Friday, November 26, 2010


The Tau cross looks strikingly like the letter “T” and is in fact a letter of the Greek alphabet. It has many uses in other religions as well as science but in Christianity has come to be a form of the Cross of Christ.

Sometimes it is called the “anticipatory cross” because in the Old Testament (Ezekiel 9:4) those who were mourning were told to mark their foreheads with this sign. Interestingly enough we do the same thing today on Ash Wednesday. So it is seen as an early echo of future events, a shadow of the Cross and the Passion to come though unknowingly. Thus is it often used in advent which we soon embark upon.

Saint Anthony used this Cross in his ministry and so it also carried the name, “St. Anthony’s Cross,” but it is St. Francis that makes it so popular with us today. He adopted this Cross on his own personal coat of arms and from there it was adopted by the whole Franciscan order. St. Francis noted that when a monk spread out his arms, his habit formed this symbol and as such they were to where the Cross of Christ always in their ministry.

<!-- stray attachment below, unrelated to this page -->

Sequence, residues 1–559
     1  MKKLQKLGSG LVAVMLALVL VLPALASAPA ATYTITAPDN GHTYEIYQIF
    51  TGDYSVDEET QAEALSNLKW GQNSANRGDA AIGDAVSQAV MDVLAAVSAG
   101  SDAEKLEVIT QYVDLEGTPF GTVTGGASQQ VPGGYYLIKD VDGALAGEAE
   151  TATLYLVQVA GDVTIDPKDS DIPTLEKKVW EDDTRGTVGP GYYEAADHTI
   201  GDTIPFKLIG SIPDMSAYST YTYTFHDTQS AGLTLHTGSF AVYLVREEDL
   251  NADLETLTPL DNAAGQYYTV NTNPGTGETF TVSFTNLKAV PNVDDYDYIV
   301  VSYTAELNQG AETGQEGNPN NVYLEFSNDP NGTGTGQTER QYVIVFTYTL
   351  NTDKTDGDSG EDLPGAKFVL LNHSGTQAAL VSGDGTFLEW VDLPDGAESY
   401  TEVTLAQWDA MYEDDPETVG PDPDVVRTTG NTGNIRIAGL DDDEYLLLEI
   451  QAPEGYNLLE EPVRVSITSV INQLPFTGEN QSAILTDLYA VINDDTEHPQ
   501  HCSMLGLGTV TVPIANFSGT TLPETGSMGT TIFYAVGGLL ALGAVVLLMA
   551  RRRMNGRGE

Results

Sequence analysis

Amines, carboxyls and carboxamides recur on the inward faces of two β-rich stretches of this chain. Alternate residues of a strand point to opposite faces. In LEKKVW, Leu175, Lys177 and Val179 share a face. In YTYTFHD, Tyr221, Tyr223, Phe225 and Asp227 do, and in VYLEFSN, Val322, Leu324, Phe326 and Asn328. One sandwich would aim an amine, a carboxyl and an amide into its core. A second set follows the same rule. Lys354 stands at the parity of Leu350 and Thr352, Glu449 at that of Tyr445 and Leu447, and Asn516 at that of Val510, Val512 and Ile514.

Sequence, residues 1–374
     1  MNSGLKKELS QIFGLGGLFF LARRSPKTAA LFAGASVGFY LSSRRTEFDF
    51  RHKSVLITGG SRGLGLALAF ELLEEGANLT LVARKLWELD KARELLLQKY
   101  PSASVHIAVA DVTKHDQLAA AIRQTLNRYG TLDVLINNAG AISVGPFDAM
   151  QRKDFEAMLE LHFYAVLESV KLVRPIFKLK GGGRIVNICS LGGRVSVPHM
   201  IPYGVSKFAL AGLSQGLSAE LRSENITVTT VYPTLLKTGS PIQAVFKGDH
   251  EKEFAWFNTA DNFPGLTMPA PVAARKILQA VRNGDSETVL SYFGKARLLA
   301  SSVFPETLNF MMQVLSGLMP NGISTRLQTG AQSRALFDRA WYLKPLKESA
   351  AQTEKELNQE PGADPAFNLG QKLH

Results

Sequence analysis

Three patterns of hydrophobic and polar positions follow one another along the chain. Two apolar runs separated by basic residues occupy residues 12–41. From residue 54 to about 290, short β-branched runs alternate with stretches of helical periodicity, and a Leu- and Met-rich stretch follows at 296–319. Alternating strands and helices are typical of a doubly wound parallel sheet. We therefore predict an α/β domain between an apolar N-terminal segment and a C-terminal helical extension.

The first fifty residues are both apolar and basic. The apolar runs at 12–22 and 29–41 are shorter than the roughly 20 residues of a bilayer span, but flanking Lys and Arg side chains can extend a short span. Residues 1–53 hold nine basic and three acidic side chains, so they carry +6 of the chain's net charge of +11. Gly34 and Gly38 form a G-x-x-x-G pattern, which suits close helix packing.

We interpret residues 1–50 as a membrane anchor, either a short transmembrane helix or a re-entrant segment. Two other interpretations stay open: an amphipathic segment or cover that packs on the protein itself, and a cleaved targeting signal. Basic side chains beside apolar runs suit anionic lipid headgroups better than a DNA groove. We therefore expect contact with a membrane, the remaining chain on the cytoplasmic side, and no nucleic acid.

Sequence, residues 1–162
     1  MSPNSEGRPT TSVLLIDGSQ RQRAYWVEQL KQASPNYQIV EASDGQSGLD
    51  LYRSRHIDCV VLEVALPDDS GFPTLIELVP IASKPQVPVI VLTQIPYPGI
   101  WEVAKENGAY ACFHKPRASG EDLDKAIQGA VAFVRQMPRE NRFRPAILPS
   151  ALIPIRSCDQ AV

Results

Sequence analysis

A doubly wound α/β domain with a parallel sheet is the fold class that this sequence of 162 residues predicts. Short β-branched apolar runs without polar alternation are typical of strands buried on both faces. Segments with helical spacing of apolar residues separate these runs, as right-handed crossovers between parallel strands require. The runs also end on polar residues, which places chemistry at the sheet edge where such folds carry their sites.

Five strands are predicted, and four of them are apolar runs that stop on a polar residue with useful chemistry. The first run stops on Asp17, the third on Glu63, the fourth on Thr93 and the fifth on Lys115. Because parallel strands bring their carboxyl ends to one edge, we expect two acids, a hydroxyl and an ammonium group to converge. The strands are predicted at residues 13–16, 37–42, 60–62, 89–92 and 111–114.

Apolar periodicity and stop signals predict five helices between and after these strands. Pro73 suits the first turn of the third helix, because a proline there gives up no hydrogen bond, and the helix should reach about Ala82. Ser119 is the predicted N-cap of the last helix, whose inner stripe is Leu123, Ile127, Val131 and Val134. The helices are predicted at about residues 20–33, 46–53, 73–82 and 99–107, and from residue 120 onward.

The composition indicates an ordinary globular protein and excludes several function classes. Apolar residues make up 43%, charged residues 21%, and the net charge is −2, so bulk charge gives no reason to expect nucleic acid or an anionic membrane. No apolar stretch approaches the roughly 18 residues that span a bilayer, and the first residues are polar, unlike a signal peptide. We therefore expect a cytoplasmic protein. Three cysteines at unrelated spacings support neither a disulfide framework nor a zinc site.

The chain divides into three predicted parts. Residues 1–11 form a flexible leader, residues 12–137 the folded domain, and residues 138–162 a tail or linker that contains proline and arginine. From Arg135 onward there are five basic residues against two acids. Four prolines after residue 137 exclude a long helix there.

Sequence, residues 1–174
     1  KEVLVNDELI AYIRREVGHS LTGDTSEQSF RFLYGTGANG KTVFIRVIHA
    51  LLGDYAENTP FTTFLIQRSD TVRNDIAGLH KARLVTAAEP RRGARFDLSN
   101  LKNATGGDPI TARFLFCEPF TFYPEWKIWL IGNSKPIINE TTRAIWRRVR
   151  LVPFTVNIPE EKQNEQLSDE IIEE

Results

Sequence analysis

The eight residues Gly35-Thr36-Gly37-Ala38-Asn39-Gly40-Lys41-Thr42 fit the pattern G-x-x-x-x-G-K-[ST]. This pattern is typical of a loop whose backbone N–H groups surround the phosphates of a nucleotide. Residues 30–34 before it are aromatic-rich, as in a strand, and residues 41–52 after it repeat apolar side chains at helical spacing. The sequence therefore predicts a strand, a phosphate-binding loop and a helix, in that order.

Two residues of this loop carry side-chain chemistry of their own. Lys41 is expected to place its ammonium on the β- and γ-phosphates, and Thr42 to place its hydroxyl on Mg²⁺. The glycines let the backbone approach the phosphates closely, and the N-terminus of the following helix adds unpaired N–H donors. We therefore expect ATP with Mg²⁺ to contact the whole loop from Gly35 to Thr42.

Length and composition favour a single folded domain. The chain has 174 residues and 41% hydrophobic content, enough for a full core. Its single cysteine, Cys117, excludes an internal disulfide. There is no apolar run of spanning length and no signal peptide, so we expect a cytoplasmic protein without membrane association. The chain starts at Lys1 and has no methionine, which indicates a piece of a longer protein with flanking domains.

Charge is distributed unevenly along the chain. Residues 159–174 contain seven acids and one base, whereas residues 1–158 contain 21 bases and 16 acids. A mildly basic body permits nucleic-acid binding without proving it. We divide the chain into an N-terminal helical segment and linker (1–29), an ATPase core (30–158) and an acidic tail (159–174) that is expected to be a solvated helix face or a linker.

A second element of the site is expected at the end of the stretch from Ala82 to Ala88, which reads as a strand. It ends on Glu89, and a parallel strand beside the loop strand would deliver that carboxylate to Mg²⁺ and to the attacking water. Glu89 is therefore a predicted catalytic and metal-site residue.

You may notice that many Franciscan rosaries have this Tau instead of a crucifix. One is to mark it as belonging to someone devoted to Christ through following the way of St. Francis, the other, in part, is to picture oneself on the cross, dying to this world, joining your suffering to Christ, and looking forward to living with Him forever in heaven.


Anonymous said...

where do you come up with this stuff, Father Valencheck?

r m kraus

Pat said...

Father, When Mother Angelica was building the Shrine of the Most Blessed Sacrament [church] in Hanceville, AL, at the peak of the building was a cross. Lightning struck the cross during a storm one night and the top part fell off, leaving a perfect TAU.

Mother decided that it was a message from heaven and did not have the cross repaired. Mother Angelica's order of Poor Clares is Franciscan.